Imagine you have a research question to answer. How do you go about it? You come up with a hypothesis, set your parameters and define your research group. You collect and analyse the data. You adapt and evolve your research in response to the evidence you collect.
You wouldn’t dream of writing up your initial hypothesis and ignoring the evidence.
At BioMed Central, we think building a website is a bit like that – and that we can build better websites by using an evidence-based, user-oriented approach to software and product development.
So what does that mean in practice?
As a publisher of open access scientific journals, we know that the research world changes fast – assumptions that we make at the start of a project are likely to change while we are working. While we can take a pretty good guess and do thorough analysis upfront, we can’t predict 100% accurately what the research community will want and need in 18 months’ time.
Instead of guessing and hoping that we’re building websites that match how the research community want to read, find and use scientific content, we accept that things may change and we work in a nimble way that allows us to react and respond in a timely way.
In our technology team, we work using a software development methodology that is built on similar principles to scientific research. Researchers propose a hypothesis, analyse data, and develop a thesis; in technology, we build a little bit at a time, measure usage and user feedback, and use what we’ve learnt to refine and improve what we’re doing continually.
For me, Agile is about getting people to work together, listening to feedback and incrementally building software in a sustainable way. Lean moves to a more scientific and data-driven approach where we try experiments and record the results leading to a more iterative approach where even a single feature may be revisited multiple times as we learn more.
Principal Software Engineer at Springer Technology
Strictly speaking, at BioMed Central and Springer, we practice a hybrid methodology – a combination of Agile and Lean Start-up. Agile is a more people-oriented approach to software development, which emphasises collaboration over the more traditional process-driven approaches, like Waterfall, while Lean is a more data-driven approach emphasising iterative product development – making a new website or product piece by piece based on feedback, metrics and usage patterns, allowing for the process of evolving and learning that we like.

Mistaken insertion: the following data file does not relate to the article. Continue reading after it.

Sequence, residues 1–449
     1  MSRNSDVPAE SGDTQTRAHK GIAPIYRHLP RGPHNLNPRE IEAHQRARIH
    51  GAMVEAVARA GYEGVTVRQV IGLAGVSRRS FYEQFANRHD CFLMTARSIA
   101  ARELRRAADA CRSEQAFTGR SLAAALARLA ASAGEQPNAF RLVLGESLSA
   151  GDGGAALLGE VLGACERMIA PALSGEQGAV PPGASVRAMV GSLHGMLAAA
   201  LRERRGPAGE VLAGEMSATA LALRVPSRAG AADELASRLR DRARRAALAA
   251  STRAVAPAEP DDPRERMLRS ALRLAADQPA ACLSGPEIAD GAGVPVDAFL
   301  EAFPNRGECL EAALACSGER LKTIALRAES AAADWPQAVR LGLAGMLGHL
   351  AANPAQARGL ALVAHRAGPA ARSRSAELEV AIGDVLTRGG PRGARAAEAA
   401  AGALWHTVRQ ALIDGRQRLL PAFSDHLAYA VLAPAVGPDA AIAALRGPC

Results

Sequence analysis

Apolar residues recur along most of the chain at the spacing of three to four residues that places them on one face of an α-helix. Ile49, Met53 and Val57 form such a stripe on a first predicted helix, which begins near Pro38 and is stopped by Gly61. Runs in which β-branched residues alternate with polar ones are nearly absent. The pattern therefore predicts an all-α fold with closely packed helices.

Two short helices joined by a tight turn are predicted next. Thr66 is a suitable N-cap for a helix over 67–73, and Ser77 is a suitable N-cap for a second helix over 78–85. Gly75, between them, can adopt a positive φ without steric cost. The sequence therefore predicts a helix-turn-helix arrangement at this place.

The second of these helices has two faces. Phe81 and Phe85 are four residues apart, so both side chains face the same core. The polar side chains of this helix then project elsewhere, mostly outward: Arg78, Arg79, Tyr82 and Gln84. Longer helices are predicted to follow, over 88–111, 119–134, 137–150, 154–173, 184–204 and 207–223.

But why is this good for science publishing and science communications?
We believe using these methods of developing software will help the research community as scientific publishing evolves, ensure the most up-to-date and innovative ways of communicating science.
This approach gives us:
- Quick feedback cycles – we can gather plenty of evidence to help in decision-making about what to build and why. Basing our choices on evidence means we can be more confident that the end product will be relevant and meet the needs of the community. For example, early in the beta process, lots of people told us via the feedback form that the font was too faint. This meant we were able fix it immediately, which is better for everyone!
- Transparency – we love the way this methodology ties in with the BioMed Central ethos and the way of we like to work as an open access publisher.
- Collaboration with the community – we think that the two-way conversation between publisher and research community means better, more relevant websites and author services.
- Evidence-based investment in technology – we work by building the smallest piece, gathering feedback and analysing data, learning from and evolving with it before moving on to the next round. This means we don’t waste resources building things no one wants or needs.
Is that what the BioMed Central website beta is all about?
This is the approach we’re aiming to take with the rebuild of our open access journal websites. We’ve chosen to release our new websites iteratively as a beta to get as much feedback as possible during the development process. This means we can respond faster and more effectively, and build a better home for scientific content and journals.
You can view our work in progress and see what we’re working on as we’re working on it, as the beta sites are constantly evolving. Every time we complete a feature, we put it live for people to try out and give us feedback. Then, we take that feedback and build on it, continuously developing our product in a user-centred, evidence-driven way.
How do I get involved?
Get involved in the conversation about where the technology powering scientific publishing is going- take a look at our work in progress and tell us what you think.
Interested in joining our Tech team? Learn more about us and see our vacancies.